Best: Sergio Garcia
At Pinehurst No. 2 in 2005, Garcia finished in a tie for fifth, and he has been superb all season long. Formerly known as the prodigious El Niño, the Spanish star is now in the prime of his career, still seeking to notch a major victory.
Check out this statistic from Golf Channel analyst Brandel Chamblee regarding Garcia's ball-striking prowess in his last appearance at this venue:
What's often prevented Garcia from accomplishing more in his career is putting, but that's a part of his game he's made massive strides in over the past few years. He ranks 25th in total putting on tour, fifth in scrambling and a solid 28th in birdie or better conversion percentage.
If the knee injury that forced him to withdraw from the BMW PGA Championship was a concern, Garcia didn't seem too worried when arriving at the site of this year's U.S. Open:
Oh, and keep this in mind coming down the stretch Sunday in addition to Garcia's strong result here in the past: He boasts a No. 2 ranking in 2013-14 in both sand save percentage and final-round scoring average. Waste-style bunkers are the pitfalls around the slippery Pinehurst greens rather than lush rough, and Garcia's ability to close out tournaments has been encouraging to witness this year.
If he's within striking distance on the back nine in the last round, don't be surprised if Garcia finally gets the major monkey off his back and winds up with the trophy.
Worst: Patrick Reed
All of Reed's rhetoric about being a top-five player in the world rubbed some people the wrong way. The promising American is just 23 but already has three victories under his belt. Unfortunately, he may have set his sights too high too soon.
Reed ascended to 20th in the world rankings following his triumph at the WGC-Cadillac Championship. Ever since that landmark win, he has failed to do anything of substance. In fairness, he and his wife announced the birth of their son on May 22, so that may have been a source of distraction.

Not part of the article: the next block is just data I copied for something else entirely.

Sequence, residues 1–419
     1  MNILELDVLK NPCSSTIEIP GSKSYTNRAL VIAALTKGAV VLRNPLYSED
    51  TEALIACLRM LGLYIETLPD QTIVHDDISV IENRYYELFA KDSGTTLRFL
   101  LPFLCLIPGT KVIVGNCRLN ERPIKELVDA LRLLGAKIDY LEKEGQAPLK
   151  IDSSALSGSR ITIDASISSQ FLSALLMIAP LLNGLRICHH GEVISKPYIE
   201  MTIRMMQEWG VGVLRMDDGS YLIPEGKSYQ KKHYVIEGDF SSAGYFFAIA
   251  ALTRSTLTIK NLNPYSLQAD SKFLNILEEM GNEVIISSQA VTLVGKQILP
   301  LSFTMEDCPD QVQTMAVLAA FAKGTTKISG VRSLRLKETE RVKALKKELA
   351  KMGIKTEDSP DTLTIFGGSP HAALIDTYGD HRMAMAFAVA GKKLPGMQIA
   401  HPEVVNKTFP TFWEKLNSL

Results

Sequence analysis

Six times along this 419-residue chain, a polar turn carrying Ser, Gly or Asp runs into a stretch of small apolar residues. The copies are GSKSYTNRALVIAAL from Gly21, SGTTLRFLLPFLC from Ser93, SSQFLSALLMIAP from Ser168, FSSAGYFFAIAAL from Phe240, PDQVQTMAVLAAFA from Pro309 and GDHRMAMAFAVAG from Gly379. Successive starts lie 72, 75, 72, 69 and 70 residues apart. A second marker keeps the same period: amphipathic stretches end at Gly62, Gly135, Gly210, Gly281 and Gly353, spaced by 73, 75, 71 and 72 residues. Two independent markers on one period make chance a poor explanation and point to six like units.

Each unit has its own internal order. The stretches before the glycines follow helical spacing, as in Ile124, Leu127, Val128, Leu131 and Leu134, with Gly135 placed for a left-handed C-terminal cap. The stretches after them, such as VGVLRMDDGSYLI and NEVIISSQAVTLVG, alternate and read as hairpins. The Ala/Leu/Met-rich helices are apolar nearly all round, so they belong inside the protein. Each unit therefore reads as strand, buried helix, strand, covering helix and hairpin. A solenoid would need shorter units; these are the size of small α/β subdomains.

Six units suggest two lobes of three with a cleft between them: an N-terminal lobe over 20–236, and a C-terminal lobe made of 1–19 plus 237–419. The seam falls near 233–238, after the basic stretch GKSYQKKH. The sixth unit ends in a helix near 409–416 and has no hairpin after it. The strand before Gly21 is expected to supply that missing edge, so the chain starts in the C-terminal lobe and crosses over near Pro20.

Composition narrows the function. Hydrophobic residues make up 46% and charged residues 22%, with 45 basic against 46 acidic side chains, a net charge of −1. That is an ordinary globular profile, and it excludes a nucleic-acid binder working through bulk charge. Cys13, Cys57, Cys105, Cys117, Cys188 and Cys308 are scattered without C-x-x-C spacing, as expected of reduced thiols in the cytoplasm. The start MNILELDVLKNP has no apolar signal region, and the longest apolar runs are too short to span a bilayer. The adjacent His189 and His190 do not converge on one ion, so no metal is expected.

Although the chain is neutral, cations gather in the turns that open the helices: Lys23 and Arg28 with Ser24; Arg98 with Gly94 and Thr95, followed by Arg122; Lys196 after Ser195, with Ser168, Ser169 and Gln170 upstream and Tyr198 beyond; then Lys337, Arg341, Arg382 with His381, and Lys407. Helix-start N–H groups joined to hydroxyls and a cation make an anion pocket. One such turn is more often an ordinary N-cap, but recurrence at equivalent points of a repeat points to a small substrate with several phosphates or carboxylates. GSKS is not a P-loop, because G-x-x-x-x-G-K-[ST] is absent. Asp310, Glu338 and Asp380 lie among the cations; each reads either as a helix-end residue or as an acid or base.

Whatever impact that had doesn't minimize how Reed's stock is sinking at a steep rate. He has missed four of his last six cuts—including three in a row—and hasn't finished better than a tie for 48th at the RBC Heritage in that span. In spite of that, Reed still ranks No. 26 in the world ahead of his second major start.
The Masters proved to be too big of a stage for Reed to compete on. With his volatile temperament on the course, he doesn't have the requisite attitude to succeed in the U.S. Open's stern test of golf. That's not to say he won't contend in later years, but Reed needs to accumulate more experience before he can truly contend for his first major title.
With so much elite talent to choose from and so many individual golfer's games to consider, the best and worst list could go on ad nauseum. However, McIlroy and Garcia stand out as strong candidates to perform well, based on their season-long consistency, their excellence with the longer clubs and the feeling that they're both due for another marquee win.
Kuchar's countenance is ideal to thrive at what can be a frustrating Pinehurst No. 2, but he has other majors that suit him better. He will likely start to take heat if he indeed doesn't make the cut or has a poor result, yet it should only drive Kuchar to be better as the prime of his career progresses.
As for Reed, his best golf is ahead of him. If he can weather his current storm, calm down on the course and take the positives of being fortunate to compete in majors at such a young age, his path to stardom should still be intact.
Like the new article format? Send us feedback!